• But I have gotten to know many religious superiors in various communities, not to mention pastors and bishops, who have struggled with the deluge of complaints. They’re very conscious of their limitations, but sometimes it seems that some of those they serve see only those limitations. Some people aren’t satisfied with anything and have expectations for their superiors that not only Jesus or the Blessed Mother could meet. I once asked one of my classmates who is now a diocesan bishop whether the pastoral proportion of complaints to compliments — which in many priests’ lives is 10 complaints to every compliment — stayed the same, grew and decreased. And he laughed and said, “Roger, it’s now closer to 100 to one.” Sometimes the Christian people can be worse than the Israelites in the desert. This doesn’t mean that superiors don’t need fraternal correction. They, like all of us, do! This doesn’t mean that some complaints are legitimate and objective. Many are. But it’s important that if we’re going to complain, our complaints are not only justified but kept in check. Some questions would be: Do we say thanks to God and to others much more than we whine? Do we compliment people ten times more than we complain to them or about them? Do we take the plank out of our own eyes before we grouse about speck in others’? Are we grateful for our religious superiors’ virtues as well as for their faults, which can often help us grow far more than their strengths? Do we recognize that our complaints are not innocuous, but can actually harm our superiors far more than hurting their feelings, as we see in how the Israelites’ criticisms led Moses to ask God to take his life?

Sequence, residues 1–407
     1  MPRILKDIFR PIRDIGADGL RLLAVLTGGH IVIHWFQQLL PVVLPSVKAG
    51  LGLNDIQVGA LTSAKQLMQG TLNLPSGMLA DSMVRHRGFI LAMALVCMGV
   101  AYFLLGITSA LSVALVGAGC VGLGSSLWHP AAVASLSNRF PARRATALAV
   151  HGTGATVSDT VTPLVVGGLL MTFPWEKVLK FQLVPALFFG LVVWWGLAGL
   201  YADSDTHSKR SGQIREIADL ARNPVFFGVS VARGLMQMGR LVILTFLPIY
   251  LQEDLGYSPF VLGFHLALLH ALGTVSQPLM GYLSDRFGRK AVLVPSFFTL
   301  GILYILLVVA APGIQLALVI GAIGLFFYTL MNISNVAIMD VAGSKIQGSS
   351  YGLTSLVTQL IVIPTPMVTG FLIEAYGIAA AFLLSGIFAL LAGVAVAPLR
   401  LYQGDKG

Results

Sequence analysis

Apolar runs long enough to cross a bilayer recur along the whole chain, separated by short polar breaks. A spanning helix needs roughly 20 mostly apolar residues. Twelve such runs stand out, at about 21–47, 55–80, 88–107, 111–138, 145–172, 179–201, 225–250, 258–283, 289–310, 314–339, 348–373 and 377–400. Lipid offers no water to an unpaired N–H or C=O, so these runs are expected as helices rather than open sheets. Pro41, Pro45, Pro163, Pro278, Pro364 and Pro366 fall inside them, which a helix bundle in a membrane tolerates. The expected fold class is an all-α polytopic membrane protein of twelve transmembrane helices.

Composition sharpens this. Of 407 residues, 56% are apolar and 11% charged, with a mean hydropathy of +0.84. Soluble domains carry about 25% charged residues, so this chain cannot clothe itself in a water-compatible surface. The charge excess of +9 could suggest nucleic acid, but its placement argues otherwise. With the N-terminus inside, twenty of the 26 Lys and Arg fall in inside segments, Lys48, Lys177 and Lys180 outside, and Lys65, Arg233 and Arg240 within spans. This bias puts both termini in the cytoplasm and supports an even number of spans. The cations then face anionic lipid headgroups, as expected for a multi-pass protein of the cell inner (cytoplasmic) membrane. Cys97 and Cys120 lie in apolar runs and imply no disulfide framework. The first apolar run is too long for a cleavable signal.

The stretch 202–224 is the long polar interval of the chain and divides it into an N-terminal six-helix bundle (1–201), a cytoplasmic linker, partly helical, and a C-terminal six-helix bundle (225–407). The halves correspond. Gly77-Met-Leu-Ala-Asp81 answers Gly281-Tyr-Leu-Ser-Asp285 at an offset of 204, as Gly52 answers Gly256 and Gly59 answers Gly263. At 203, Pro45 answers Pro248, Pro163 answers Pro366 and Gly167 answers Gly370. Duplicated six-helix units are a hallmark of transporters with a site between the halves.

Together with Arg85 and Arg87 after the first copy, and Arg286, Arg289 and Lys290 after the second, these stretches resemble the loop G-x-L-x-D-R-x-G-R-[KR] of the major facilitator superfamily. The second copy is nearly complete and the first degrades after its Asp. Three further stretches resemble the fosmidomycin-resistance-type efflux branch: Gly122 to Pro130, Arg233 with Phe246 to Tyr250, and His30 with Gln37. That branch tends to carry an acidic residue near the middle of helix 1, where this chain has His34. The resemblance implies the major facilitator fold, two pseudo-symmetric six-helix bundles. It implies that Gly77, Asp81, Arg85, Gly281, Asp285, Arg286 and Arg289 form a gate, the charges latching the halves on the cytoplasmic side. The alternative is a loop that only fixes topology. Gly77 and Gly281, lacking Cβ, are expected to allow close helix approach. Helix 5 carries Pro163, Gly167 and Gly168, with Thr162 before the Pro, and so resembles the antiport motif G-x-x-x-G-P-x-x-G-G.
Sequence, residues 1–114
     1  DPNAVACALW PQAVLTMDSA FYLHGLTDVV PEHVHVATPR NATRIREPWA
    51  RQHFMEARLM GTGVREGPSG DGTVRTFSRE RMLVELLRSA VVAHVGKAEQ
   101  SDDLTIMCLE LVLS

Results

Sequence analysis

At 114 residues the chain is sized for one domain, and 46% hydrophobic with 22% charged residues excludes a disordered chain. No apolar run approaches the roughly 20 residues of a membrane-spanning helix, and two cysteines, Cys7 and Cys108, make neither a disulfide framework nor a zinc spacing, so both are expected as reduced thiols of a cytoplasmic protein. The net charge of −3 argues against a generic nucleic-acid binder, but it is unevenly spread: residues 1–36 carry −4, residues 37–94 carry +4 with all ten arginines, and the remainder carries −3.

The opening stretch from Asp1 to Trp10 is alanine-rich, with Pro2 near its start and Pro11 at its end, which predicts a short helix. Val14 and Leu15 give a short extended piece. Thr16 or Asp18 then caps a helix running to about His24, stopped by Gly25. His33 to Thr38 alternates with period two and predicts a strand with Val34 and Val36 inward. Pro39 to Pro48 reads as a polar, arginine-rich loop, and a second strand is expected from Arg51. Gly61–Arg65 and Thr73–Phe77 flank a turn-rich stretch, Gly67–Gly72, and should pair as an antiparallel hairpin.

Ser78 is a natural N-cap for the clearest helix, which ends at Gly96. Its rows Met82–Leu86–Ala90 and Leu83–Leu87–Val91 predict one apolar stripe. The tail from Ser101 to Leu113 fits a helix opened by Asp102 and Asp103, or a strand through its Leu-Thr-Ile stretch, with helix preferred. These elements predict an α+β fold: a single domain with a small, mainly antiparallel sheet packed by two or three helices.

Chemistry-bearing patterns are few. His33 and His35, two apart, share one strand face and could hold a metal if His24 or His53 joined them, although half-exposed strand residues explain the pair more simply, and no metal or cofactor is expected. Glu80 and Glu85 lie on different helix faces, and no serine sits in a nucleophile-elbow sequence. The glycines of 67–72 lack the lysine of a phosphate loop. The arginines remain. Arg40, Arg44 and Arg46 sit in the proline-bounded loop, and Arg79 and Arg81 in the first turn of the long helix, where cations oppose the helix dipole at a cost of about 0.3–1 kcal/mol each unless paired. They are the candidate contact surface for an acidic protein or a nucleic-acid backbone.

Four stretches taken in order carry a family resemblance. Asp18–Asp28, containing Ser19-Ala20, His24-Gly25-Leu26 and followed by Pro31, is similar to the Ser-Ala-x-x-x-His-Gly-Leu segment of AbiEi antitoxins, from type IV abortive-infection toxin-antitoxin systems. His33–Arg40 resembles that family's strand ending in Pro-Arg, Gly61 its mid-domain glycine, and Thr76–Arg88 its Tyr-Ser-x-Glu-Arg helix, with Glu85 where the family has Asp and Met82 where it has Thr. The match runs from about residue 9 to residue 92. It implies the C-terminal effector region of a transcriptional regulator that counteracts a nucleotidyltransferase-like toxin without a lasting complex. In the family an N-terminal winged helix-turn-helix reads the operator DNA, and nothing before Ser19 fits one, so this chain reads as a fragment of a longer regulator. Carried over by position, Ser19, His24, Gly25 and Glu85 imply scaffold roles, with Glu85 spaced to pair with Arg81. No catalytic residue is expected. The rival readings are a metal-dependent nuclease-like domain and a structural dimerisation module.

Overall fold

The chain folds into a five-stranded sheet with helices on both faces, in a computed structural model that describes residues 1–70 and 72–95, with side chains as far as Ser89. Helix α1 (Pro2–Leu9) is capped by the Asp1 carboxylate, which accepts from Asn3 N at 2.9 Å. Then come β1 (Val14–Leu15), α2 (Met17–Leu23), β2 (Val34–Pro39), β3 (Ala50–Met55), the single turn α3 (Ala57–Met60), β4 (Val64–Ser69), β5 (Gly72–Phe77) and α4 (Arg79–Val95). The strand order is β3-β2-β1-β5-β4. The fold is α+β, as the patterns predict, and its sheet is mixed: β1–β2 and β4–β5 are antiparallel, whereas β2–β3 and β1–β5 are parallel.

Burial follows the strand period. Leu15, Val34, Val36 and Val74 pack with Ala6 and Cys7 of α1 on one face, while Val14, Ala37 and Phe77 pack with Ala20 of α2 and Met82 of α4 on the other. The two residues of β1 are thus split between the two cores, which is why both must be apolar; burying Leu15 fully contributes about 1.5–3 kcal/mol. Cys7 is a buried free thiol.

• Let’s return to the miracle in the Gospel. It would have been easy for one of the disciples to have complained at how little they had, basically just five buns and two sardines. But Jesus didn’t complain. He thanked God. He blessed him. And God multiplied that offering. Today as we come forward, we may have various aches and pains. We may be struggling with the heat and the humidity. We may have too many things on the plate to handle during a busy week. But all of these can be a source of thanksgiving rather than complaining, because each of them can be a source of union with God and gratitude for all the parts of our body that aren’t aching, for all the beautiful days he gives us, for the capacity to serve him and others in so many ways, even if we might not be able to do so as well as we would like. The fundamental Christian attitude is thanksgiving. As we enter into Jesus’ prayer of thanksgiving and blessing at the Mass — thanksgiving and blessing on the night he would be betrayed and on the vigil of his savage execution! — we can learn from him how to unite everything to this source and summit of the Christian life, this mutual thanksgiving of Bride and Groom, of Body and Head. And as we give thanks to the Father for the gift of his Son, we know that Jesus likewise thanks the Father for drawing us to him to receive this gift of love.